Still working my way through the Audio Book, but am really enjoying it.
I found the major Kull stories: The Shadow Kingdom, the Mirrors of Tuzun Thune, the Cat and the Skull, and even By This Axe I Rule to be as good or even better on my rereading/listening.
The shorter stories and fragments are almost new to me, I guess that means they weren't very memorable for me the first time around, but I'm finding them to be pretty damn good on my re-listen. The Screaming Skull and the Striking of the Gong, especially.
I still haven't read or listened to Kings of the Night, as I was waiting to read the Bran Mak Morn stories before doing so, but I'm tempted to give it a listen in this audio book. Hell, I might even listen to the Bran Mak Morn collection given the strength of the Kull audio book.
Kull isn't Conan. He's his own character, but I would urge fans of REH to read the Kull stories. Swords of the Purple Kingdom has grown on me over the years. Kull is at his most Conanic in KotN, which is definitely the last story, both chronologically and composition-wise, of the Kull tales.
Just a minor tweak I'd make: we never got to see Kull as anything but a king in all the stories with the exception of the Exile of Atlantis fragment and his mention as an outlaw in Curse of the Golden Skull. Howard spoke of Kull's resume but seemed focused on his kingship. He didn't seem to be able to wander about his life as he did with Solomon Kane and Conan (and El Borak for that matter). Considering he didn't seem able to sell many of the stories, I'm a little surprised he didn't try what ostensibly became the Conan strategy with Kull. I guess he just gave up, moved on, then got that spark to go back and rewrite By This Axe.
After all this I am finding myself turning back to some of my old reads and re reading them again with a new found appreciation. I started to read REH’s non Conan stories years ago.
When I first read the comics I thought Kull was more of a prototype Conan, but reading the Howard originals nothing could be further from that assertion. I have also now come to view the last Kull movie as a pale reflection in one of Tuzun Thune's mirrors.
‘The Shadow Kingdom’ is a masterpiece, I read somewhere that it was the first true start of the ‘heroic fantasy’ or ‘sword and sorcery’ type of story, and that readers voted it the best story in an issue of Weird Tales.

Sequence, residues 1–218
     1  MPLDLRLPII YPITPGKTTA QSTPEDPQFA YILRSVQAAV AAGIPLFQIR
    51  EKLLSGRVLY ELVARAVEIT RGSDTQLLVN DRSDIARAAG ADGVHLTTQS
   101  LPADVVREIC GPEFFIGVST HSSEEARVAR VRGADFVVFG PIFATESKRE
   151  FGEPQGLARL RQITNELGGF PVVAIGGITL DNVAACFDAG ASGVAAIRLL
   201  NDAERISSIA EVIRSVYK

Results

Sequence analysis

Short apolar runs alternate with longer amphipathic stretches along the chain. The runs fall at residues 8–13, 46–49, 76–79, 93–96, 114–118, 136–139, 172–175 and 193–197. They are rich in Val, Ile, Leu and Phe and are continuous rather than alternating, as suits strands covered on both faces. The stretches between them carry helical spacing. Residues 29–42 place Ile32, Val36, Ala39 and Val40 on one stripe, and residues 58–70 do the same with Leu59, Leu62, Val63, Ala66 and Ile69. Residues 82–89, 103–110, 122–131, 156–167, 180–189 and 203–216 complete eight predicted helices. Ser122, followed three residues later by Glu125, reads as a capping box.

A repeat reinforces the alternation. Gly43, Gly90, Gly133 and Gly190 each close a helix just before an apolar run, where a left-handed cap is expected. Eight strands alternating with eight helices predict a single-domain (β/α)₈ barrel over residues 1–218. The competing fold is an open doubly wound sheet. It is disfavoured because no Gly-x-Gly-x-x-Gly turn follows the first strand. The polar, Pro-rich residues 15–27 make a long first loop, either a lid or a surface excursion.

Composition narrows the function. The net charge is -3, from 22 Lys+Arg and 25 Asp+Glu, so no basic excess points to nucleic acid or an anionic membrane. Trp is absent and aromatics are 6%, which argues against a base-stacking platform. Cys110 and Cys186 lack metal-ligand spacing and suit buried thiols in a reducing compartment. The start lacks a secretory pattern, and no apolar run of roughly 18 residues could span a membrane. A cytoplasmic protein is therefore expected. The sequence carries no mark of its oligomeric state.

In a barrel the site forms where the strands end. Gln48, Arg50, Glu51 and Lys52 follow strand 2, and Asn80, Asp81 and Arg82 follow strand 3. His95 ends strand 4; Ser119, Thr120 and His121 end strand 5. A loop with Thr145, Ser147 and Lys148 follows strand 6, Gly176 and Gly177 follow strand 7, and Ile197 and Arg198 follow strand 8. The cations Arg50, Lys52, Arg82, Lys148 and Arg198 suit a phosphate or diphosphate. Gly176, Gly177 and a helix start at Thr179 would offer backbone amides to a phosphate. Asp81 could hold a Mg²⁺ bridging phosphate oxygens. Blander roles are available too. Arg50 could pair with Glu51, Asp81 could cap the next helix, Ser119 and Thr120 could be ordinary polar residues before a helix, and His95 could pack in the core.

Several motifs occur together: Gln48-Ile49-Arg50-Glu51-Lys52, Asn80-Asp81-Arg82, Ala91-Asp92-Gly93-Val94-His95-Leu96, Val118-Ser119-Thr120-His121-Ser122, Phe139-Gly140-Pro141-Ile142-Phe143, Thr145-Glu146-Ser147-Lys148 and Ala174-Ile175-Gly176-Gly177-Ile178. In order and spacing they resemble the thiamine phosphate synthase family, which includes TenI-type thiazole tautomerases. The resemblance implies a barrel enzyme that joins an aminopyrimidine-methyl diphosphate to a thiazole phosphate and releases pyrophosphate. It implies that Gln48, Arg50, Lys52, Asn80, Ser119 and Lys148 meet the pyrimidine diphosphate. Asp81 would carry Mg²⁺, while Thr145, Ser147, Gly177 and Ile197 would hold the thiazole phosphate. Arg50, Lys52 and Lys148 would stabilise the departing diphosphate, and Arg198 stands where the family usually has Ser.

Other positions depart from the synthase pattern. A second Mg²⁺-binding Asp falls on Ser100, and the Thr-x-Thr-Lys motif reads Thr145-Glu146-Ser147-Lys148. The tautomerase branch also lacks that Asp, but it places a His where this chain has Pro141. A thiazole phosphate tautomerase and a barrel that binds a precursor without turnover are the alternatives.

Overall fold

Another poster here said that Kull ‘s brooding nature probably meant that he was less appealing to take up in pastiches back in the 70’s, but I think that brooding, weary, cerebral nature of Kull makes the character more interesting.
When you think of the short story format, and what REH was able to do with the character and the story, you realise that he was a natural literary genius.
‘The Shadow Kingdom’, ‘The Mirrors of Tuzun Thune’, supporting role in ‘Kings of the Night’ , the poem ‘The King and the Oak’ are what I read.
I actually liked the fact that in the case of Kull we are introduced to him when he is already king of the old ‘fading, degenerate Valusia, a Valusia living mostly in dreams of bygone glory, but still a mighty land’. ..
Kull the Atlantean exile, now a king of a people full of civilised intrigue. The tribesmen called Valusia ‘The Land of Dreams’ and Kull described it as if moving in a dream, and that evening when Brule, who was already aware of more ancient and evil forces, helping to guide Kull through that night of terror when the serpentine shape shifters first became manifest, seemed to me like some nightmare made real.
In some ways reading Kull was like reading a horror story, delving into what is and what is not illusion, and the race of serpent men that can take the forms of people add to the sense of paranoia that Kull was going though, and if he was a weaker being he might have abandoned the people he ruled over.
Tired, sitting on the throne the next day, the foundations of Kull’s reality forever shaken in some sense, the faces of the court as ‘things of illusion’, and now another depth beyond the masks that hide the usual avaricious, shallow and deceitful nature of the ladies, lords and statesmen in attendance.